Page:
This got me thinking: you know what? This little game I made for fun in just four hours is no different. With a little effort, I collected a database that reached over 1,000 registered users in a couple of days. Out of those, at least 800, which is 80%, didn't take precautions to avoid sharing their photo, email, gender, age, and if you think about it, their possible political preference.
So, I ask myself: What if it had gone viral? What if it does later on? In that case, how much is that information worth in the hands of a political party or the government? Can it somehow alter elections or something else? I leave the answer to your imagination.
Let's go back to Cambridge Analytica and Facebook. If you delve into the topic, you'll know that the information Cambridge Analytica worked with was obtained during a time when Facebook shared personal information more easily and by default (for example, your friend list) with similar applications.
Is it more complicated now? Yes, it is, but not impossible. And I can assure you that with the right strategy, people would give you even their bank account.
Some might say, "I never open applications like that, and if I do, I don't share my personal information." Okay, that's a step, but I think it goes further. Think about it: Cambridge Analytica obtained only a tiny fraction of the information that Facebook knows about a tiny fraction of its users, and with that, they were able to influence the election of the president of the most powerful country in the world.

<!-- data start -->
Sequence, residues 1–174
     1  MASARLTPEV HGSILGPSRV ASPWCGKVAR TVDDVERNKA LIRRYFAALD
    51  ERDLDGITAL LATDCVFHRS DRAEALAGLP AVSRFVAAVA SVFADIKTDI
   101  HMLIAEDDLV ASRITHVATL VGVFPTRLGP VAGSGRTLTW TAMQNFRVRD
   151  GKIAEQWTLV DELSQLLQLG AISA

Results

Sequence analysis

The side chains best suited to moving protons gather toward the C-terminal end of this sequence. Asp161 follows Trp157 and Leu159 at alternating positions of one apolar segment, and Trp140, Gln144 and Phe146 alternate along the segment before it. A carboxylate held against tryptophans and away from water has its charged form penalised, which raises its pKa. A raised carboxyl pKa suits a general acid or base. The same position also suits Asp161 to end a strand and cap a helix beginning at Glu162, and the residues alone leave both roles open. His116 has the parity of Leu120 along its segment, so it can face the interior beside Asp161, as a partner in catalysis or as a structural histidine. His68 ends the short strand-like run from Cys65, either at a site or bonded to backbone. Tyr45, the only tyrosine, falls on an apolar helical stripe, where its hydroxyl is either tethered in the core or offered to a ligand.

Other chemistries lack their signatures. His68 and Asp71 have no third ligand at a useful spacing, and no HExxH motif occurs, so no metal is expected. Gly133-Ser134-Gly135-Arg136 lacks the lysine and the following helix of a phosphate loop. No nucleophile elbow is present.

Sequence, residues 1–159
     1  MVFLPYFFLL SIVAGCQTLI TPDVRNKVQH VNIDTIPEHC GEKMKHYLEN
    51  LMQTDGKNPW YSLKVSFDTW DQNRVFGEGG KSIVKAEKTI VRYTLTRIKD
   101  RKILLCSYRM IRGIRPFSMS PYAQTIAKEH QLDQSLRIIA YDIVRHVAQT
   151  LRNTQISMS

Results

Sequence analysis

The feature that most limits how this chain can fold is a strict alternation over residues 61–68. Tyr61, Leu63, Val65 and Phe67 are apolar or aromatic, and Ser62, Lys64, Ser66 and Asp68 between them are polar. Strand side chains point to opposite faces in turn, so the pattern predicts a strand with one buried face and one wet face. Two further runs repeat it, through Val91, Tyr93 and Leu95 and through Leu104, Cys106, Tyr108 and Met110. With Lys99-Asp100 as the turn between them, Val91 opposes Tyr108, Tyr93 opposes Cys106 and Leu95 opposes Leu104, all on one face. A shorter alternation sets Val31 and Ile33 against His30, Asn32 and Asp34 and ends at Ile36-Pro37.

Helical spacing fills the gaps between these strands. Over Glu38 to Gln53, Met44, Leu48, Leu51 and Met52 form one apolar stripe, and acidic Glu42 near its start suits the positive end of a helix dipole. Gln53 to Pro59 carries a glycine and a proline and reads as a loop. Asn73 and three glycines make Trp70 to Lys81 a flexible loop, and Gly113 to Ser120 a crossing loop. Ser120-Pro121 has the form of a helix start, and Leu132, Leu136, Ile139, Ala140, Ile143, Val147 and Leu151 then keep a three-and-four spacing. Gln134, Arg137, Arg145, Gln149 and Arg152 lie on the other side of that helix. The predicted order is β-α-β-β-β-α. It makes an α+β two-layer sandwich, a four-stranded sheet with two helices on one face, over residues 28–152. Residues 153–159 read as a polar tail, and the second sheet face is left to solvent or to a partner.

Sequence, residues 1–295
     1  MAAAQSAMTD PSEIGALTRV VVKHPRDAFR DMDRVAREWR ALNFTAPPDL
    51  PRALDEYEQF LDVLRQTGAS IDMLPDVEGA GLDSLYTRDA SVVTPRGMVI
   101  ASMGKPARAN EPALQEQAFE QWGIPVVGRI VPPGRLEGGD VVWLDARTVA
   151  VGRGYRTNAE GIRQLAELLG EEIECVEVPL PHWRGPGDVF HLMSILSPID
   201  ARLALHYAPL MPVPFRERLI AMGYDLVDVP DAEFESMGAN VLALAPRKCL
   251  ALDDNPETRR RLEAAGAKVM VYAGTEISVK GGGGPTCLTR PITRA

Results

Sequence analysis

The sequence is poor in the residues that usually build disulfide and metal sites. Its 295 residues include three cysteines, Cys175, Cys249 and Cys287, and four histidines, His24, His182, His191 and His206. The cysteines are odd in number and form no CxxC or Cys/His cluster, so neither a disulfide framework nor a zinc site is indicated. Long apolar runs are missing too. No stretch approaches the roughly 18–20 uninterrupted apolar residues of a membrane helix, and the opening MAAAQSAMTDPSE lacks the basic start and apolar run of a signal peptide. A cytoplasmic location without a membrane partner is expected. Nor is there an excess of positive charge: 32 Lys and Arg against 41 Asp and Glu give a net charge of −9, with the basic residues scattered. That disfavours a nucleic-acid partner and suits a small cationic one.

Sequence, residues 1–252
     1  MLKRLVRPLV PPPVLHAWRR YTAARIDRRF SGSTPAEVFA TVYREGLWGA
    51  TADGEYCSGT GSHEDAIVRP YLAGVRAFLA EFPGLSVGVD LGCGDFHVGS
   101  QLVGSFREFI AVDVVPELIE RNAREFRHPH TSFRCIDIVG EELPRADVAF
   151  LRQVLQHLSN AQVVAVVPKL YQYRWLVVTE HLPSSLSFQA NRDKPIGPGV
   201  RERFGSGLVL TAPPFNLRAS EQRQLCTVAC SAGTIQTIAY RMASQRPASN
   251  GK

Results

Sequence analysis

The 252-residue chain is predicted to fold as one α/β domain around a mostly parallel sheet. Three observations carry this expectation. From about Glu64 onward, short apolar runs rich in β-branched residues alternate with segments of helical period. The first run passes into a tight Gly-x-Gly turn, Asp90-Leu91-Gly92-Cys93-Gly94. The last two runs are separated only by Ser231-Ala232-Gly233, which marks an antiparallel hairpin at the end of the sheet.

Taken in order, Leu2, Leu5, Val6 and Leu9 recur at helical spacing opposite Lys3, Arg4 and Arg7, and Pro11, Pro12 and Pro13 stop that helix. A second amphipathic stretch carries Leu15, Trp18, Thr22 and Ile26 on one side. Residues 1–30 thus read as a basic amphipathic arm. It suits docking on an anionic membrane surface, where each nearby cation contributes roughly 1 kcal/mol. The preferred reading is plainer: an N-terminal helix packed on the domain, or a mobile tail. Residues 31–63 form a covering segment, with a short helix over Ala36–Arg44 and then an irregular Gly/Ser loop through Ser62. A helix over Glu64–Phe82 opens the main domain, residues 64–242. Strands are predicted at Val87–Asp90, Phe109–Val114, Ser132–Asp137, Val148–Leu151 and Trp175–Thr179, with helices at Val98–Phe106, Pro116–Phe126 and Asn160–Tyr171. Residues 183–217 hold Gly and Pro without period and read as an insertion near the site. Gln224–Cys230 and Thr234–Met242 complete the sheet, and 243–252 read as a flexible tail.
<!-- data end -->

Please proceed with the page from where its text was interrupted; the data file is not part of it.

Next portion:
On the other hand, I assume you know that Facebook doesn't make money by having more photos of your nephews (or maybe it does). Facebook lives off your information, the advertising it sends you, selling your data, etc. In short, you are the product.
Take a moment to think about it again: Facebook knows who your best friends are, your family, what music you like, which political party you support, what you talk about, your socioeconomic level, where you live, where you want to go, where you work, how much you earn, and I could go on. In summary, it knows more about you than you know about yourself.